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Thursday, September 18, 2014
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Published: Sunday, 8/31/2014

EDITORIAL

Michigan’s road folly

Land Land
AP Enlarge

Terri Lynn Land, the Republican nominee in this year’s election for U.S. Senate in Michigan, spent eight years as a usually sensible and pragmatic secretary of state. Unfortunately, these qualities seem to have deserted her during what has become an increasingly odd campaign for higher office.

Michigan’s roads are in notoriously bad shape. For three years, Republican Gov. Rick Snyder has implored the Legislature to come up with more money for road repair and maintenance.

Ms. Land has a different idea: drastically cut federal road funding. She would reduce the federal gasoline tax from 18.4 cents to 4 cents a gallon. This would presumably deprive Michigan of most of the $1.2 billion a year it gets from Washington to fix roads and bridges that qualify for federal aid.

The candidate explained: “I am talking about putting Michigan first by removing the Washington middleman ... If we reduce the federal gas tax, states like Michigan will be free to design their own transportation funding mechanisms.”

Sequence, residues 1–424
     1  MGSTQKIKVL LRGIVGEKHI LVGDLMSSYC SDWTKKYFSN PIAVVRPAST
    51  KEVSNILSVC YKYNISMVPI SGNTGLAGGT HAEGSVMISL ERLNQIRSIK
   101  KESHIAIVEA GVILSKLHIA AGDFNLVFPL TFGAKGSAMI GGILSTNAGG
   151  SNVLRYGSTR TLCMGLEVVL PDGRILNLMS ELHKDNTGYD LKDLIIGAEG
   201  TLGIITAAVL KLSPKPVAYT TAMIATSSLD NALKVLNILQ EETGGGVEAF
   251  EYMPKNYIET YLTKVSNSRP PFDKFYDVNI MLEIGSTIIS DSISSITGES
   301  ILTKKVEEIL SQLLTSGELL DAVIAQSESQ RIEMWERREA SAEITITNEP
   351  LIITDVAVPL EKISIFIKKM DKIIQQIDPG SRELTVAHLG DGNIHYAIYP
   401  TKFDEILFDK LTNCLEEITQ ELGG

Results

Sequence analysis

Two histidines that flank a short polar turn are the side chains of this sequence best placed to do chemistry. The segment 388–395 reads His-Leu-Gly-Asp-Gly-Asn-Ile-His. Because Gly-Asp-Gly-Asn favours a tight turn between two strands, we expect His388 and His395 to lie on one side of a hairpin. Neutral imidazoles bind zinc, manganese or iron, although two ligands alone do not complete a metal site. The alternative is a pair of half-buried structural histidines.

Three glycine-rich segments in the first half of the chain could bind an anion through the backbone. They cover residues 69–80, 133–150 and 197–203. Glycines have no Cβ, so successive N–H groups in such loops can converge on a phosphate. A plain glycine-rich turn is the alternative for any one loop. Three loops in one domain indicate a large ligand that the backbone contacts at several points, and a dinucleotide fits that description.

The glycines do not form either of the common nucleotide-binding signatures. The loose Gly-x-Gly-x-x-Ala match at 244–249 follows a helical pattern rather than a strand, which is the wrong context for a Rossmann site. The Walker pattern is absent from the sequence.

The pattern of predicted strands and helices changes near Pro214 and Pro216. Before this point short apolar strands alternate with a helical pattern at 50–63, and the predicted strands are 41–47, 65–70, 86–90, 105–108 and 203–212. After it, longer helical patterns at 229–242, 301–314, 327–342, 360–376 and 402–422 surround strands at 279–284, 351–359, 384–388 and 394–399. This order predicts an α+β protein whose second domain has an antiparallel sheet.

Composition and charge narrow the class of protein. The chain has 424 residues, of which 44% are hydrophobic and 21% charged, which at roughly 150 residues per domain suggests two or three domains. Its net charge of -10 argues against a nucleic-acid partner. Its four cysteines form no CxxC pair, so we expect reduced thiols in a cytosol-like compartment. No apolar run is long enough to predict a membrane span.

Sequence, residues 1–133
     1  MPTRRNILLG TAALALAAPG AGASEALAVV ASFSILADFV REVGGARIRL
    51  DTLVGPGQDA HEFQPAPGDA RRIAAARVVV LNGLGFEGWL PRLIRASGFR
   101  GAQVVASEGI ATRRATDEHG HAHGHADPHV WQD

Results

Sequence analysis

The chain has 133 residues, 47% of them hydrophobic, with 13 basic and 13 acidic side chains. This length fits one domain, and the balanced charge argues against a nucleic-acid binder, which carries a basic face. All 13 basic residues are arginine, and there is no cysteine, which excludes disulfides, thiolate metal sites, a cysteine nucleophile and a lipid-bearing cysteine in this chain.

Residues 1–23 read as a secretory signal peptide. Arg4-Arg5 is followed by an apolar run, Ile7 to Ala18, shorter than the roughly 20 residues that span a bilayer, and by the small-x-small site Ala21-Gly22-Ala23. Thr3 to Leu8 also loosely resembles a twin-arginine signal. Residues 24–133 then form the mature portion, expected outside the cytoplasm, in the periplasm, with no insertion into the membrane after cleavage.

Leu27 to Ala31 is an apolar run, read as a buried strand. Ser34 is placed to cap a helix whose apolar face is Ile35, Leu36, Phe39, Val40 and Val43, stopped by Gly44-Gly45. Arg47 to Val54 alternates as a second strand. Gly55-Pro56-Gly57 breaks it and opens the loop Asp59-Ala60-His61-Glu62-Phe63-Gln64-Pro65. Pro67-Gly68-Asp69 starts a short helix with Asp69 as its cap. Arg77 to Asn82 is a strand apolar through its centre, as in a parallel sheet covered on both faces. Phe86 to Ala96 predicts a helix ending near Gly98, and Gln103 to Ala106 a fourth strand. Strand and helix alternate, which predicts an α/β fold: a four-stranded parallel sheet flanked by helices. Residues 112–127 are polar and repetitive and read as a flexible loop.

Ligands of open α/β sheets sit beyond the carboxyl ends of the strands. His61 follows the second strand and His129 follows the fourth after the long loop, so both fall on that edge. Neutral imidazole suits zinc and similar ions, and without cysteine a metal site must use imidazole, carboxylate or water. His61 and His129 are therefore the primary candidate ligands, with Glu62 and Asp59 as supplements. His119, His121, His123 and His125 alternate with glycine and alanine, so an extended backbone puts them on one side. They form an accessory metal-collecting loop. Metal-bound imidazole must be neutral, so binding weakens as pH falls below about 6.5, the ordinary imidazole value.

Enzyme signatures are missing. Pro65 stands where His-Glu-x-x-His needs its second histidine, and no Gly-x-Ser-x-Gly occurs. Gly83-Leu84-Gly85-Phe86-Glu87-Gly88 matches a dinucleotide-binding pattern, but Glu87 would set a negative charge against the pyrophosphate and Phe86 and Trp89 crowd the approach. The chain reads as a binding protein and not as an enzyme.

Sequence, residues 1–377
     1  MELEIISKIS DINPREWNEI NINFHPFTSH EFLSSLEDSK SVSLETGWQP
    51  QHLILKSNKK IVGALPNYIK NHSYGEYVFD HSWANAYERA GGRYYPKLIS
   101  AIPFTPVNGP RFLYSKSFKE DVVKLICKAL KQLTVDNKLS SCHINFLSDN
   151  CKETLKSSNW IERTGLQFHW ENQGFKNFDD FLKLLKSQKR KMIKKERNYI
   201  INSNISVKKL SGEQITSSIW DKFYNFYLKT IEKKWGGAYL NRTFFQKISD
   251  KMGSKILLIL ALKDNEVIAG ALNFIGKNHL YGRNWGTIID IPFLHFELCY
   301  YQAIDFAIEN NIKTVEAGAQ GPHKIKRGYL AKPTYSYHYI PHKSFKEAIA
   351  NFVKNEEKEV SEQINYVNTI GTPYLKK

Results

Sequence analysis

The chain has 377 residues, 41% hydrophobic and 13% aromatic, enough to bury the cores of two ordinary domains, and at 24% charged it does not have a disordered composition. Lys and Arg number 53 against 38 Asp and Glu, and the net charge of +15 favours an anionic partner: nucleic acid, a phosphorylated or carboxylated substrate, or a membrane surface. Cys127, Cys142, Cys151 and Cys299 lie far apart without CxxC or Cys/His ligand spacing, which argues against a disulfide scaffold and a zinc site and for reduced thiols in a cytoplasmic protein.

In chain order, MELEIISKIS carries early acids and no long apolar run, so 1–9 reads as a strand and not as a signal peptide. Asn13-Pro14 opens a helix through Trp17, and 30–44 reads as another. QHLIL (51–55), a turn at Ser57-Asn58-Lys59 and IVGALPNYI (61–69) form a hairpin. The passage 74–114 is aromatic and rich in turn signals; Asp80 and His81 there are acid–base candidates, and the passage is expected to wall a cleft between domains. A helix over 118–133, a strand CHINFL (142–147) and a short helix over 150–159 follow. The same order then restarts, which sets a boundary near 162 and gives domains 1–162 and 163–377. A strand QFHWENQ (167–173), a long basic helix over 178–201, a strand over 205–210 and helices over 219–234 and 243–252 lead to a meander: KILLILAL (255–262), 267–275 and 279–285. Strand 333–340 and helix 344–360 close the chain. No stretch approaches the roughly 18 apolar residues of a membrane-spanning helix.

This argument ignores two major pieces of reality. Michigan gets back slightly more from the federal government for highway funding than it sends in taxes, so her plan would punish taxpayers.

And even after the devastating winter produced a pothole epidemic this spring, Michigan lawmakers refused to appropriate serious new money for roads, despite clear evidence that the vast majority of citizens wanted them to do that. It is virtually impossible to imagine that lawmakers would more than double the state gas tax — an action that would be needed to replace the drastic cut in federal aid under Ms. Land’s scheme.

Michigan badly needs better roads. The state’s politicians owe it to their constituents to admit that everyone is going to have to pay to fix them.

Years ago, a character in the comic strip “Doonesbury” uttered the famous line: “The world needs grown-ups.” In Michigan, that may be especially true these days, most of all, in politics.



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